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I love to rise in a summer morn,

When the birds sing on every tree;

The distant huntsman winds his horn,

And the sky-lark sings with me.

Oh what sweet company.


But to go to school in a summer morn,

O! it drives all joy away Under a cruel eye outworn.

The little ones spend the day.

In sighing and dismay.


Ah! Then at times I dropping sit,

And spend many in anxious hour,

Nor in my book can I take delight,

Nor sit in learning’s bower,

Worn thro’ with the dreary shower.


How can the bird that is born for joy,

Sit in a cage and sing?

How can a child when fears annoy.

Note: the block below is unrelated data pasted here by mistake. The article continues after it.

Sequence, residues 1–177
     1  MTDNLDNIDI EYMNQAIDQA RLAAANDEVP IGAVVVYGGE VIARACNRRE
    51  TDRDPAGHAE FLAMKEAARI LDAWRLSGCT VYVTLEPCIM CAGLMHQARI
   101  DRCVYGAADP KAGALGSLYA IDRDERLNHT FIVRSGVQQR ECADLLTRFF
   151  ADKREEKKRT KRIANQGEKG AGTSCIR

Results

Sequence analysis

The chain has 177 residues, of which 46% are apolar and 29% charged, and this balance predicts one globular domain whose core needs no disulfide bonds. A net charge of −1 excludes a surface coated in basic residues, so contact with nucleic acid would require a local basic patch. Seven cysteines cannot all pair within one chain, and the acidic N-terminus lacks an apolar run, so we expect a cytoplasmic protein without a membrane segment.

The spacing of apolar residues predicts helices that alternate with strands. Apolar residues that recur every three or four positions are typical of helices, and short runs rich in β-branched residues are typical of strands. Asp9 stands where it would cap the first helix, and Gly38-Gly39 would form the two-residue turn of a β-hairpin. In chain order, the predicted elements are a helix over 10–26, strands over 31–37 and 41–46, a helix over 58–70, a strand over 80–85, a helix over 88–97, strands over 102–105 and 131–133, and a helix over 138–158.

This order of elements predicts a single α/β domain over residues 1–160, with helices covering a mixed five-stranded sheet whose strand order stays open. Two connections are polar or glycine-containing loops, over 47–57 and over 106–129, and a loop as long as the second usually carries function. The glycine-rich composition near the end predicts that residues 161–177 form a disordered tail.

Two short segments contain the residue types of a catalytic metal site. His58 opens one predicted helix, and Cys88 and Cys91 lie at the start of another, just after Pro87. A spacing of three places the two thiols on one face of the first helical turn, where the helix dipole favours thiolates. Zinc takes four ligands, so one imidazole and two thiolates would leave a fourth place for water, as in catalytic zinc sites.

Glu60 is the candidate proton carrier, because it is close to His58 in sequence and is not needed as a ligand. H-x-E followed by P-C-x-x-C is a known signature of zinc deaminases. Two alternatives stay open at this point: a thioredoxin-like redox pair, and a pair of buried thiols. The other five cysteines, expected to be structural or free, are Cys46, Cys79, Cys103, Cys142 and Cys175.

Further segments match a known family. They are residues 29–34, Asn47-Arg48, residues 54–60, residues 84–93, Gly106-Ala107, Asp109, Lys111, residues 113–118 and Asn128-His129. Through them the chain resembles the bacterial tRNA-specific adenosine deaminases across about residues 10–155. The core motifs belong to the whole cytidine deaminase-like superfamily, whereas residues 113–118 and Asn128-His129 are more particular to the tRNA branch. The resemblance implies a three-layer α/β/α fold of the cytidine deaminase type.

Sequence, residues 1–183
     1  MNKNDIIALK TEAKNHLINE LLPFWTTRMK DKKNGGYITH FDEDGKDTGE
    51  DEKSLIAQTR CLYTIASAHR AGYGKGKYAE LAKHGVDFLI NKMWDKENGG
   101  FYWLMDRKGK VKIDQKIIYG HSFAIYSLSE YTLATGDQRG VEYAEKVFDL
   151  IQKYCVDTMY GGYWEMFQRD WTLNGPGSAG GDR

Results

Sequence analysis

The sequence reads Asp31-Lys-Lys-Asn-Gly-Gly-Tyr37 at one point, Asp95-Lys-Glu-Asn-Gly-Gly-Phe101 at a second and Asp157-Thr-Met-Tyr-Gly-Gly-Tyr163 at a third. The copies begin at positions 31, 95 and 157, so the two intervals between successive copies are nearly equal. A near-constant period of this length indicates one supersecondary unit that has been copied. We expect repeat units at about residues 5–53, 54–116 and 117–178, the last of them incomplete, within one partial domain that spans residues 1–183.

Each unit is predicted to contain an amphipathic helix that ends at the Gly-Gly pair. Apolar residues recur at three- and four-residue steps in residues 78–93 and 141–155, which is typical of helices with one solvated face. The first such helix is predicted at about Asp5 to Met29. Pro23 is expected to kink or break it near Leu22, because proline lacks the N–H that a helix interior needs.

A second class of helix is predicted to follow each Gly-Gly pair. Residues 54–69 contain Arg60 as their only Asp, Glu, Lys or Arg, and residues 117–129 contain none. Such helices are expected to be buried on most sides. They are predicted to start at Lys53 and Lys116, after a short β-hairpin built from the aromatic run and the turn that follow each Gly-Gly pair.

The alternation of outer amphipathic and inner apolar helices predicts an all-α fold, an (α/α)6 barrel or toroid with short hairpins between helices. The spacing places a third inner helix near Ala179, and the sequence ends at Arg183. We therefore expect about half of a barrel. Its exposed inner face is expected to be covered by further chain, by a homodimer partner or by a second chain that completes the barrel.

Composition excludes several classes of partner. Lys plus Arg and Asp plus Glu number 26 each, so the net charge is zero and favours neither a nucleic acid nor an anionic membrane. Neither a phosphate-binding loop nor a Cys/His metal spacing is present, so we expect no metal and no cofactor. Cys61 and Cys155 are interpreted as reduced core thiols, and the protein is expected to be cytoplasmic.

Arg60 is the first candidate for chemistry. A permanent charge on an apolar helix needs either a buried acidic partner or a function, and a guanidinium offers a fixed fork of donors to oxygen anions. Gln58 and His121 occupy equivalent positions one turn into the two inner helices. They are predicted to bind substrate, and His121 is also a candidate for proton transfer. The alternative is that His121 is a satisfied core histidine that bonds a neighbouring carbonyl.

But droop his tender wing.

And forget his youthful spring?


O! father and mother, if buds are nip’d, And blossoms blown away,

And if the tender plants are strip d

Of their joy in the springing day.

By sorrow and care s dismay?


How shall the summer rise in joy.

Or the summer fruits appear?

Or how shall we gather what griefs destroy, Or bless the mellowing year?

When the blasts of winter appear?


The poem be-cries the cagey situation of a young school boy. who is not allowed to be close to nature and live out a natural life of his own because of bottlenecks and inhibitions placed deliberately on his ways. The child is sad and melancholic because the parents place some regulations on his way, that make him lose contact with nature. The parents want him to go to school, but for him. going to school is not as important as being close and in direct contact with nature. The classroom education cuts his creativity into pieces. The teachers are hostile and unfriendly and his freedom is therefore curtailed. The beginning lines tell the whole story. Hear the poet-child,